(of a leaf in the bud) folded lengthwise with the upper face of the blade within.
- con·du·pli·ca·tion, noun
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How to use conduplicate in a sentence
Each is conduplicate, and one embraces the edge of the other.
The cotyledons are then called conduplicate (conduplico, to fold); and their sign is O> >.An Elementary Text-book of the Microscope | John William Griffith
They are covered with short, silky hairs, and are folded lengthwise, with the inner surface within (conduplicate).Outlines of Lessons in Botany, Part I; From Seed to Leaf | Jane H. Newell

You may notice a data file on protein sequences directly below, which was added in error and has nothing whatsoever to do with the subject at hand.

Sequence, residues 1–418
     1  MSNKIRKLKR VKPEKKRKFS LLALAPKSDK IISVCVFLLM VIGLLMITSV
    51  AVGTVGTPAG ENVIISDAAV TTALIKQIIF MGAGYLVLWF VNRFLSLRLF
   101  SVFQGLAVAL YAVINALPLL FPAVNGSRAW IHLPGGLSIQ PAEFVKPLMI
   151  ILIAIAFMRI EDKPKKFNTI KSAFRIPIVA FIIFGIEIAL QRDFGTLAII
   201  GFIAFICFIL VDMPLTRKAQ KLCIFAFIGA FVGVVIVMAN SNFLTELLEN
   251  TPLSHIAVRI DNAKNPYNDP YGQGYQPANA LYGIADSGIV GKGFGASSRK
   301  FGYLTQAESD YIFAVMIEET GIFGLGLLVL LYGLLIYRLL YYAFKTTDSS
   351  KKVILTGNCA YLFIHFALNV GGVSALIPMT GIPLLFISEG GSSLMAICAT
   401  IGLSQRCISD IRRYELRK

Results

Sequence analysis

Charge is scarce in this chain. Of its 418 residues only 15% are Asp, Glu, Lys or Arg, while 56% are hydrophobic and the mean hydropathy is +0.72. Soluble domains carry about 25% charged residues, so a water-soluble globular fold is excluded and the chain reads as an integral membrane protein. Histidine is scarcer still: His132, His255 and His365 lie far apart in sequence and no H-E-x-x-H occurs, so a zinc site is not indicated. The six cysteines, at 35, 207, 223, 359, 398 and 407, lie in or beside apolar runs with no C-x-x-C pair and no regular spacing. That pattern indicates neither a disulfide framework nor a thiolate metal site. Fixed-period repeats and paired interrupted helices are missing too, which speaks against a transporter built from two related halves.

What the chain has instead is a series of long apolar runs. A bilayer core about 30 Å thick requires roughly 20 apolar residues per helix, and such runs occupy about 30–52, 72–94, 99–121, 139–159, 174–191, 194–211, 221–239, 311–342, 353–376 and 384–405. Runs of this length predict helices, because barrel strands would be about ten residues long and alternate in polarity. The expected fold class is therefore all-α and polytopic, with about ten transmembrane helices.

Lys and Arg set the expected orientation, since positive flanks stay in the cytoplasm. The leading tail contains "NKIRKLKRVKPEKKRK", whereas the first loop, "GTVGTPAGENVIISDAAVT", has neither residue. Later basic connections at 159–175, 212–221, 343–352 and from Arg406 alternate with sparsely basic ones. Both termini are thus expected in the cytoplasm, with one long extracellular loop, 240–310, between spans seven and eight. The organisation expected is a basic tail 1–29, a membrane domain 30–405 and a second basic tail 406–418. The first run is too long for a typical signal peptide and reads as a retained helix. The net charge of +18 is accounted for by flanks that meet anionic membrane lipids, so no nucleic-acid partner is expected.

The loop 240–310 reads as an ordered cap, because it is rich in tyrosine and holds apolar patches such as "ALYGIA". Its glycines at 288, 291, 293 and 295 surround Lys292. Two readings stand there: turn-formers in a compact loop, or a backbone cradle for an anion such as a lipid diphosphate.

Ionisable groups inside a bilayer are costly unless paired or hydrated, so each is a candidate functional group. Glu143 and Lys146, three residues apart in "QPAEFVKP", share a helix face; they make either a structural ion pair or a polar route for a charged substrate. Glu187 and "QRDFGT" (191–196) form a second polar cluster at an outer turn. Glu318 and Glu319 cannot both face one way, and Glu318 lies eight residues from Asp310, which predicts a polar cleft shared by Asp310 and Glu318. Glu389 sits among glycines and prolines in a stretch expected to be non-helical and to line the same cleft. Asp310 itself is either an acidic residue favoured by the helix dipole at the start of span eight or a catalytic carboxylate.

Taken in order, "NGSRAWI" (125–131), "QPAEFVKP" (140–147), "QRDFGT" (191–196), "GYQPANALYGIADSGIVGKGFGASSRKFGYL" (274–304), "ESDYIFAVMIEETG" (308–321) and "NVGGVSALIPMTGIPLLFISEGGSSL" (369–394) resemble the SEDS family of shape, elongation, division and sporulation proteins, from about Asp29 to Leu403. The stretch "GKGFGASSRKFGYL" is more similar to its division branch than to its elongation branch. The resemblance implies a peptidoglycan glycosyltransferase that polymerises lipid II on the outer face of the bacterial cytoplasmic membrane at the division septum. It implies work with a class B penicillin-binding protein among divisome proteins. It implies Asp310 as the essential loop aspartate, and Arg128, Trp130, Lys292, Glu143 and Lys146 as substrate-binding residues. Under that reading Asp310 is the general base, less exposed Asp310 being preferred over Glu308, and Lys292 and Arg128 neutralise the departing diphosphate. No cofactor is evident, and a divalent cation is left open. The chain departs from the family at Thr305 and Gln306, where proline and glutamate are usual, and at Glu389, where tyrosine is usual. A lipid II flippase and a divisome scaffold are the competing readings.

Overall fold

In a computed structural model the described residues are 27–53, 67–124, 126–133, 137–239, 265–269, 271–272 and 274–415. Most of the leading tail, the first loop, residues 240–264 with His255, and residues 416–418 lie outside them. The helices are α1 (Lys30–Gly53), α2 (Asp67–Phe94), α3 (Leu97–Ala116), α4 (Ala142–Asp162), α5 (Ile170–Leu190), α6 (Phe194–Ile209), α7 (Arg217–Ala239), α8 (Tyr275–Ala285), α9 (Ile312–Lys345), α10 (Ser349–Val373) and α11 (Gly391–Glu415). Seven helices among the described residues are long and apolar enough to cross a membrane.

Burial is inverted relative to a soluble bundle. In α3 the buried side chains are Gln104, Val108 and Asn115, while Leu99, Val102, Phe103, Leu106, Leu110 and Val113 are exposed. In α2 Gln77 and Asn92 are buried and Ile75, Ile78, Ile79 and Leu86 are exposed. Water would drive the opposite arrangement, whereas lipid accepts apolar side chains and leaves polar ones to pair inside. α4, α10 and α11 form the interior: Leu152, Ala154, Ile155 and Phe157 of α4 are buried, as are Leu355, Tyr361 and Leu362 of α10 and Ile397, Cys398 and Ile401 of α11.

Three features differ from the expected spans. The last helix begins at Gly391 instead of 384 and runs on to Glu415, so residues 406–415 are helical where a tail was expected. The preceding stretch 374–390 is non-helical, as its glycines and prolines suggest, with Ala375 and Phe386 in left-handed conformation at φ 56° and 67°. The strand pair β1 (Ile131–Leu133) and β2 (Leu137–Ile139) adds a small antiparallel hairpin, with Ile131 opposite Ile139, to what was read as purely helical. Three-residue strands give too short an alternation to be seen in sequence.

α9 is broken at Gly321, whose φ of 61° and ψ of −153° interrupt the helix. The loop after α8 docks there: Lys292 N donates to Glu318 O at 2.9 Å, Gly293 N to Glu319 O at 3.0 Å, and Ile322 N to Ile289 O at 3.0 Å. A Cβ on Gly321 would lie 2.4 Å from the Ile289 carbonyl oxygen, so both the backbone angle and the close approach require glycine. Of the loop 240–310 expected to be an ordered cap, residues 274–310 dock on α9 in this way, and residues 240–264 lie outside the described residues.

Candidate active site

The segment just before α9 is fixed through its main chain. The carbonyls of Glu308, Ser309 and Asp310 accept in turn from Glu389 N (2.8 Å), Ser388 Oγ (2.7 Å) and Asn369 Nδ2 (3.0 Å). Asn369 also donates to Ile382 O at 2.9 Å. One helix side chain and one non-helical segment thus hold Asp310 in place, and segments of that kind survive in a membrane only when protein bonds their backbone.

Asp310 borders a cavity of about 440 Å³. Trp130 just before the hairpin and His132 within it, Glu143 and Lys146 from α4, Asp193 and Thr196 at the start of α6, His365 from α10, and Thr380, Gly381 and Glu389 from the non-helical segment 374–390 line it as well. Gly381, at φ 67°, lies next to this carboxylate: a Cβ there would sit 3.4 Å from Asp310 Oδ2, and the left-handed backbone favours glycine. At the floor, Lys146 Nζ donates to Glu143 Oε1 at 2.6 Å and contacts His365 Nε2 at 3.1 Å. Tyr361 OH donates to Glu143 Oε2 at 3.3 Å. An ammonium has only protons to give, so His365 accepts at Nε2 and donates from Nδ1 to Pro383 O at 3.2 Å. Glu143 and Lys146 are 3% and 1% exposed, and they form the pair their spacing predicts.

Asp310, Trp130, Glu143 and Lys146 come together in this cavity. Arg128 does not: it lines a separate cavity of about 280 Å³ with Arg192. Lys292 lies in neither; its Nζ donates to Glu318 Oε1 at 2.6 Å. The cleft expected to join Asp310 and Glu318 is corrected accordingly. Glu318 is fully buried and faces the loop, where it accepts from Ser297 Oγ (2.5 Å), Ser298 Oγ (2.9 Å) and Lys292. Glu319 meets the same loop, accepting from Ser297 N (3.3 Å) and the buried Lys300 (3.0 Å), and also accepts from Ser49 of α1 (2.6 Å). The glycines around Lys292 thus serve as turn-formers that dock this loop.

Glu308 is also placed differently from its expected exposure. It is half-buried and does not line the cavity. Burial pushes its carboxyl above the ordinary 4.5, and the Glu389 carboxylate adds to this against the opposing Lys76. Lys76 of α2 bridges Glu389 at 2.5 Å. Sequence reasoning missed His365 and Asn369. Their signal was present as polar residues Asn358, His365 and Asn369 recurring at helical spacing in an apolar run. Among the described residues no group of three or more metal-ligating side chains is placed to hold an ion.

The leaves are conduplicate, as in Magnolia, and have the blade bent inwards on the petiole (inflexed).Outlines of Lessons in Botany, Part I; From Seed to Leaf | Jane H. Newell
conduplicate: blade folded along the midrib, bringing the two halves together.Trees of the Northern United States | Austin C. Apgar
British Dictionary definitions for conduplicate
botany folded lengthways on itself: conduplicate leaves in the bud
- conduplication, noun
Collins English Dictionary - Complete & Unabridged 2012 Digital Edition © William Collins Sons & Co. Ltd. 1979, 1986 © HarperCollins Publishers 1998, 2000, 2003, 2005, 2006, 2007, 2009, 2012